Tuesday, June 10, 2014

My First 100 mile report


I quit the race at mile 68. I was sitting down in a chair at the road crossing and just wanting it to all be over. All I wanted to do was to get back to my tent, crawl into my sleeping bag and go to sleep so that somehow the pain would go away. I had convinced myself that I was satisfied with running eighteen miles farther than I ever had. I was also convincing myself that I just wasn't meant to run 100 miles. The problem was that I couldn't convince my crew or a Jedi who would not let me drop out of the race. 

The pain had been building over the last twelve or so miles. I was on the third of four twenty five mile laps at the TARC 100. Even though the sky was now dark, much of the day's heat had remained and I just felt like I couldn't go on. My pacer, John Rodrigue, sat in chair next to me and I knew I was really letting him down after all the sacrifices he had made on my behalf. My other pacer, Chris Hayward, was waiting for me seven miles away at the start/finish area, and I felt even worse about him, not even giving him the opportunity to run when he had also sacrificed so much on my behalf. 

The others who equally important to me as I sat there having my little pity party were my father Nate and AG Gillis who had been crewing for me most of the day. AG hadn't been crewing for me all day as he had attempted to run his first fifty miler. Unfortunately he only completed one lap but that was no small feat as he only signed up a week before and really hadn't trained, and as those who were there knew this turned out to be one tough course. Not part of my crew but instead working at the road crossing were George and  Ann Alexion. To have George "The Jedi" there at that moment turned out to be nothing short of a miracle.

I had thoughts of ending my day about three miles earlier as I came into the unmanned aid station at the fifteen mile mark on the course. It was unmanned except for my father and AG as we had scouted out the location the night before and planned for them to meet me there throughout the day, and now night. I was spent after the last five miles that had the biggest climbs on the course, and ironically some of the most runnable sections. Problem was that I could no longer run. John was working hard to keep my pace up but the pain in my knees and feet was too severe to do anything but walk as quickly as I could. I leaned against a fence taking in some food and liquids while keeping mostly quiet about my thoughts of dropping from the race. My dad had my hiking poles at the ready as I hoped using them would aid me in continuing my race. I was going to test them over the next three miles and if they didn't do the job I was sure that I was going to quit.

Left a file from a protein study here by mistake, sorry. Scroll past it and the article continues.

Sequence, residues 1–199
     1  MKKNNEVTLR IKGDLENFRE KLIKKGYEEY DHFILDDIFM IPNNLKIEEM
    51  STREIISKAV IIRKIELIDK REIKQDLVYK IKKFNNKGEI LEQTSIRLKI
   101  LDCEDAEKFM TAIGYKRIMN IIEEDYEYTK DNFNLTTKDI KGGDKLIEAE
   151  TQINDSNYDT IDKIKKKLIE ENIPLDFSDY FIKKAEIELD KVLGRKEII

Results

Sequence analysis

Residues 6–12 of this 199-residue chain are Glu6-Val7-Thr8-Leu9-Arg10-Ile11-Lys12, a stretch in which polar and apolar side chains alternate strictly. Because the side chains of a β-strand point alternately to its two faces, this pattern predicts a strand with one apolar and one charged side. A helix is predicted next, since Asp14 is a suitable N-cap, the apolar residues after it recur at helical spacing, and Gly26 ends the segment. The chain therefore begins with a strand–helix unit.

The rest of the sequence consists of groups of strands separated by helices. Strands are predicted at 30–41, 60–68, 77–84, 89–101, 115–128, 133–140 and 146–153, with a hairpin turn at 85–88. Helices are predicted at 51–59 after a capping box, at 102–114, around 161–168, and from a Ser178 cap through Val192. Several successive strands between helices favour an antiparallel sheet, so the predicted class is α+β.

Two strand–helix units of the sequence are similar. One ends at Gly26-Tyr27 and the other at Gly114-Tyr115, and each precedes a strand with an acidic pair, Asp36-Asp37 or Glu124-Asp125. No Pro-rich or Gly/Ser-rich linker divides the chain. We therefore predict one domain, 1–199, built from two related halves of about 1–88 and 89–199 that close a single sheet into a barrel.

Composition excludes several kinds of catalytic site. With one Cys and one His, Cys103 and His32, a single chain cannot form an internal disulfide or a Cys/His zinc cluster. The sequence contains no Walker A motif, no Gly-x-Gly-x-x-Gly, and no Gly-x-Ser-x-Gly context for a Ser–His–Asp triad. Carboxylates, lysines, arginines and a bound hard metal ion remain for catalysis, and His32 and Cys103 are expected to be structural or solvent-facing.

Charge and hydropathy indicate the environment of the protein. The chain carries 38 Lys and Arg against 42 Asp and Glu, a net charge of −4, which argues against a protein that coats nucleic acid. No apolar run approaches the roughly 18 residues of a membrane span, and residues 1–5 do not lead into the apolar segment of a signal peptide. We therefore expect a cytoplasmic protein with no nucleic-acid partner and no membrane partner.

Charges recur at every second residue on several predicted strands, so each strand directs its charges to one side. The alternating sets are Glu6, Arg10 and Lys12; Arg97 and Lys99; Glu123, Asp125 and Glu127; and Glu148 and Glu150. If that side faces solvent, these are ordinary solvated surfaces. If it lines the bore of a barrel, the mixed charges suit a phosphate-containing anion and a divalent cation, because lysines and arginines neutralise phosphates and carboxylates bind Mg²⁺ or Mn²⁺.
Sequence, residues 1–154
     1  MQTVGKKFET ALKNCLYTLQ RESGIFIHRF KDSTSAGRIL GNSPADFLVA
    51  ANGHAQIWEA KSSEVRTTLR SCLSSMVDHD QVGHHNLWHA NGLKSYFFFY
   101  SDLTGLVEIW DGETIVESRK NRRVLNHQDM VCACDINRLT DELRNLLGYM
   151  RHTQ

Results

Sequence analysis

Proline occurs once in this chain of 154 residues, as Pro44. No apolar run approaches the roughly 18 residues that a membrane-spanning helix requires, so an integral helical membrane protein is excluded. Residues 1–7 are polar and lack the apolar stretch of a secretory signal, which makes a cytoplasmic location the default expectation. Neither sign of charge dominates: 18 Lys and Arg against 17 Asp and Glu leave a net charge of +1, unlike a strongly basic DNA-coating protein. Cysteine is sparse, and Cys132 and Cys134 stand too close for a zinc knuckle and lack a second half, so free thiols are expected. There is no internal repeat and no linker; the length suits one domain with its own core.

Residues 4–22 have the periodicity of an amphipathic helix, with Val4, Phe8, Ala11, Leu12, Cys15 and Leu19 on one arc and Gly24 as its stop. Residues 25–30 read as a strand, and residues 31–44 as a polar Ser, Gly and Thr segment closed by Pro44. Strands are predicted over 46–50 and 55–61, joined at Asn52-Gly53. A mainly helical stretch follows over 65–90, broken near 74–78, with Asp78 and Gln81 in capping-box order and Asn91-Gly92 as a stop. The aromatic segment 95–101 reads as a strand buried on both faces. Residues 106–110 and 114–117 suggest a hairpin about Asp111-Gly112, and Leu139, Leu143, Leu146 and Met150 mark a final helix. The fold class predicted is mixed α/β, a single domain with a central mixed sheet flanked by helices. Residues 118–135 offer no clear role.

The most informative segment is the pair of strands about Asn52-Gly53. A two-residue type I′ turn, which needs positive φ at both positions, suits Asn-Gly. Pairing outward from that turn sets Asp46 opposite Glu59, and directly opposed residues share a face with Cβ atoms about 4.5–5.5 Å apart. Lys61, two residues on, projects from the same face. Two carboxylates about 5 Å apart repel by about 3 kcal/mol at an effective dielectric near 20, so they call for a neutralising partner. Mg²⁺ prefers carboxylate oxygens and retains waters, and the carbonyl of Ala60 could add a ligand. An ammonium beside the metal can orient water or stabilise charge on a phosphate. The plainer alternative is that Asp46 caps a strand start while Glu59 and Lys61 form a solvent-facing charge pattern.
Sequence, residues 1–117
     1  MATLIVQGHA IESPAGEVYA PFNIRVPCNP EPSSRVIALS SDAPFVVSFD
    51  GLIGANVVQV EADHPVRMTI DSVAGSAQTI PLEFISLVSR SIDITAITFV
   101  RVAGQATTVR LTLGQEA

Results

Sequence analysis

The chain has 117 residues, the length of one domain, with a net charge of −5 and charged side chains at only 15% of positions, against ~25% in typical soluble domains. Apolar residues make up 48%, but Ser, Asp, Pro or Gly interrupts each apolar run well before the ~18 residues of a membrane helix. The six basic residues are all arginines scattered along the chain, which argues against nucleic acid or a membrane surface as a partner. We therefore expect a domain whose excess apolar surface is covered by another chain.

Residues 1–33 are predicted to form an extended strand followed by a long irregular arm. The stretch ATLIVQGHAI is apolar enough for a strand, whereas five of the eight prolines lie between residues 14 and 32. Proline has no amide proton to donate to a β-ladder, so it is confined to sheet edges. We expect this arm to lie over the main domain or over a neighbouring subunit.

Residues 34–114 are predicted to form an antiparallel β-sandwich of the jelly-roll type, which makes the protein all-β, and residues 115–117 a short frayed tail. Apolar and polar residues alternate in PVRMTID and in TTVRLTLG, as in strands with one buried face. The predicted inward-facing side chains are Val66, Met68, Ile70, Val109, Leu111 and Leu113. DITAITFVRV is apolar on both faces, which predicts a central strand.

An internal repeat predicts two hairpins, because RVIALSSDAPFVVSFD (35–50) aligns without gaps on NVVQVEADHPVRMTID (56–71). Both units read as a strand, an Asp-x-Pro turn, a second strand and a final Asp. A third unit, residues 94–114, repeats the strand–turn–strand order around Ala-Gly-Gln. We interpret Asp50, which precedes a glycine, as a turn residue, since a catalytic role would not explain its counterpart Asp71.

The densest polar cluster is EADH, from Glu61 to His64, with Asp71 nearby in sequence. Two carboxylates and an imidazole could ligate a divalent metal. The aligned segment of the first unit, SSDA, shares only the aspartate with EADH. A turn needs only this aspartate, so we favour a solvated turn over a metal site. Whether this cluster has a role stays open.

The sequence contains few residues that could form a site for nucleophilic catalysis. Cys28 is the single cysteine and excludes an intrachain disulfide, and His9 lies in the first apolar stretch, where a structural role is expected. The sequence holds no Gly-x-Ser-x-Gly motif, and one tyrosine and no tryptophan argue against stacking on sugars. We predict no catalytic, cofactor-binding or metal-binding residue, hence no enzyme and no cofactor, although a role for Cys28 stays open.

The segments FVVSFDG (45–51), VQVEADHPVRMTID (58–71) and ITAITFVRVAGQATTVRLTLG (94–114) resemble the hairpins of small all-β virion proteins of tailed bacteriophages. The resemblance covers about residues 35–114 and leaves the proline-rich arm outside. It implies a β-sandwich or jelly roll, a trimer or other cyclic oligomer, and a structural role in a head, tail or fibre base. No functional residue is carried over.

Before I ever got to that dark place, I would say that most everything was working out as planned. 
I had assembled an incredibly awesome team and had them all on board with my plans to get me through a hundred miles. My father and I were just about the first team to arrive at the Hale Reservation in Westwood, MA on Friday so we got first choice on a tent-site. We set up my six person tent that had enough room for our cots. AG arrived a few hours later while other teams also arrived. The three of us managed to find a cool restaurant after the place I planned on eating at was closed. After dinner, we hit the packet pick up area where I weighed in and diverted my eyes as best as I could from the finisher buckles and jackets. I didn't want to think about the big picture, I just wanted to keep myself focused on the moments. 

Back at camp, I gave my father instructions and written plans for the day. He has always fully supported me in all aspects and I couldn't think of anyone else, besides maybe my mother or wife, who would do whatever it took to help me accomplish my goals. My lovely wife Mo couldn't be there for me as she was attending her college reunion at Villanova along with our kids Maggie and Quinn. 

I actually got a decent night of sleep even though there was still some activity happening around camp, mostly from a family that had three young kids crammed into a tent less than half the size of my own. I was up a couple times during the night for mother nature calls and actually had to cross the trail that I would soon be running across. The alarm went off at four and I immediately set to work getting ready. A cup of tea, a bagel and banana for breakfast and I also chewed down a couple Pepto tablets as an attempt to ward of any digestive issues that I may encounter during the day. 

As AG offered coffee to an Englishman from Nantucket who tented near us, I was ready to walk to the starting area. AG still had a couple hours before his race was to start. One more pit stop before I got to the starting area and before I really even had time to think about it the race was on. 

I always find it really funny how slow the start is to an ultra race as I was surrounded by about eighty other adventurous souls shuffling along. I caught up with one of the two other runners I knew, Bob Dunfey, and I chatted with him briefly about the previous night. I did not see him again, and was soon following a pack that all knew each other well. As they chatted and shuffled I was thinking that I would have preferred some silence as I could just hear some beautiful bird songs in the air. I was also trying to listen for my watch to beep off the miles reminding me to drink and eat.